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Paisley Fields takes us to church in a ‘plastic rosary’ [WATCH]

Brooklyn’s Paisley Fields teaches a sermon on the power of queer country music on “Plastic Rosary,” the second single from their upcoming album Soft wrist.

growing up queer and Catholic is a surefire way to produce conflicting emotions, but doing so in Iowa is its own experience. In their latest music video, directed by RuPaul’s Drag Race contestant Honey Davenport, Paisley recreates their experience at church.

With lush imagery reminiscent of Madonna’s “Like a Prayer”, Paisley illustrates the tension and loneliness of their experience – transcending to a crescendo of anger at the end of the song, and crushing their rosaries into stigmata, a not-so-subtle gesture towards who is really persecuted in conservative Christian communities.

The song marks a departure from Paisley’s wry sense of humor and honky-tonk. Here, Paisley’s voice achieves a fragility reminiscent of altar boys and a strength that comes from righteous fury. It’s one of their most vulnerable songs to date, and it reminds us that queer country artists have a wide range of unique experiences to contribute to country and American music.

“My first job was playing piano for the Immaculate Conception Church outside of Hudson [Iowa] where I grew up,” Paisley tells The Boot. “The music director was very supportive and let me play whatever I wanted for the prelude. As a mini-rebellion, I was playing songs like Tori Amos’ “Icicle” or other songs that I thought the Catholic Church would be pissed off about. ‘Plastic Rosary’ is about my experience growing up in the church.”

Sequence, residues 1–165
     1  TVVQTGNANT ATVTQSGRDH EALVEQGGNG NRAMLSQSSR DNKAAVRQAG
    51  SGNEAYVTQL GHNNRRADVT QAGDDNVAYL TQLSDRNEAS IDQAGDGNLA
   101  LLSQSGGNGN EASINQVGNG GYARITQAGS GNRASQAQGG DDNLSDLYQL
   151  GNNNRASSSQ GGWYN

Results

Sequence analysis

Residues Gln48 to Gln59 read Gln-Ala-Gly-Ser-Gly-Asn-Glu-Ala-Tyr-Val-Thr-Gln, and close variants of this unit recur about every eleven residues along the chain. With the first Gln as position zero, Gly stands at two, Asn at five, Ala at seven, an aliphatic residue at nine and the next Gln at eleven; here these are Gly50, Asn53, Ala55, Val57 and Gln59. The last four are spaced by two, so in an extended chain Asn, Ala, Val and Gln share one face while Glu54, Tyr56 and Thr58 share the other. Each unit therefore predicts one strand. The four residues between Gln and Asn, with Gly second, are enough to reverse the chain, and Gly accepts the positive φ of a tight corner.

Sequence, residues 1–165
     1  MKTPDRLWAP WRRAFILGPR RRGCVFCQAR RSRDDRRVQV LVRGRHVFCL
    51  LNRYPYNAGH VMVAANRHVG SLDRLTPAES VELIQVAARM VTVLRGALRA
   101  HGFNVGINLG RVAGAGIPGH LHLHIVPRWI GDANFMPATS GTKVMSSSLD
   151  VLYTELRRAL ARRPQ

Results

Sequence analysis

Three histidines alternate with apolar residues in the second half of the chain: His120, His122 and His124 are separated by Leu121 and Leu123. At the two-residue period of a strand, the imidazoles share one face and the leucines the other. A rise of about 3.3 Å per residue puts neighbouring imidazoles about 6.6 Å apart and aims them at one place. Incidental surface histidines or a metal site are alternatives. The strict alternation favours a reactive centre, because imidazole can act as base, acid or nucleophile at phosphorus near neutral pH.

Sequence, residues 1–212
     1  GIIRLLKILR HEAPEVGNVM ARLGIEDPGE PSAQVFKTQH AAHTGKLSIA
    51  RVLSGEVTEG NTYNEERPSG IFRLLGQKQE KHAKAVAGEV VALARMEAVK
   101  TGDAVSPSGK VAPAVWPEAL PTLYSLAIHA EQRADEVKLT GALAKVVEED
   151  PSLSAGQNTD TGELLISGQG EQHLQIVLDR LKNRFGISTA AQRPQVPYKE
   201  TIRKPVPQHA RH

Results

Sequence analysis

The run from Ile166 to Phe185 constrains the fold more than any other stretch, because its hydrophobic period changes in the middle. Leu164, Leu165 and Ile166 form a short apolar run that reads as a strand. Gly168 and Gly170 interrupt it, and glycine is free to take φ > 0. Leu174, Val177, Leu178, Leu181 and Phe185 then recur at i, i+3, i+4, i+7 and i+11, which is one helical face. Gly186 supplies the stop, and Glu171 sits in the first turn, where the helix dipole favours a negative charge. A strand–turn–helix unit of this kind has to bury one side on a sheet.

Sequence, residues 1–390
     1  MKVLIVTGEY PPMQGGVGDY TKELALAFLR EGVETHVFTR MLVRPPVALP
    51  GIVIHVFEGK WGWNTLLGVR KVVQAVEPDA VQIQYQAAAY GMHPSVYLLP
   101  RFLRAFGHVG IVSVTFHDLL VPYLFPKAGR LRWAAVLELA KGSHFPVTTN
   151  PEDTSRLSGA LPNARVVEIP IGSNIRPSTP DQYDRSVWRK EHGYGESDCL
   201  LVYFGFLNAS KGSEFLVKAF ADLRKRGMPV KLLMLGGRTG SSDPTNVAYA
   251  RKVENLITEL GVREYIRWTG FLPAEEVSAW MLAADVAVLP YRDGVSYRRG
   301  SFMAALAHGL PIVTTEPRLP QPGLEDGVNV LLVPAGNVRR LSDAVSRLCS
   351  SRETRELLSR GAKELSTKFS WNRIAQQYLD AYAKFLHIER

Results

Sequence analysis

Watch the official music video for “Plastic Rosary” below:

Soft wrist will be released via Don Giovanni records on August 26th. official site.

13 John Prine Lyrics That Prove He Wrote Like No One Else

John Prine could write a song like no one else. Throughout her five-decade career, the folk icon has proven to be one of a kind.

Prine’s lyrical stories were both fantastical and simple; he wrote with a Midwestern honesty and humor that kept listeners spellbound. His catalog, spanning 18 albums, contains vivid stories (“Lake Marie”), insightful looks at the human condition (“Hello in There”) and sweet love songs (“Aimless Love”).

Impressively, Prine was only in his twenties when he wrote songs of his most beloved songs, from “Sam Stone” to “Angel From Montgomery.” He received critical and industry acclaim, though his work was not particularly commercially successful, and his songs were covered – and made into hits – by everyone from George Strait to Miranda. Lambert, among others.

These 13 lyrics by Prine – largely taken from the choruses of his songs – are among his best: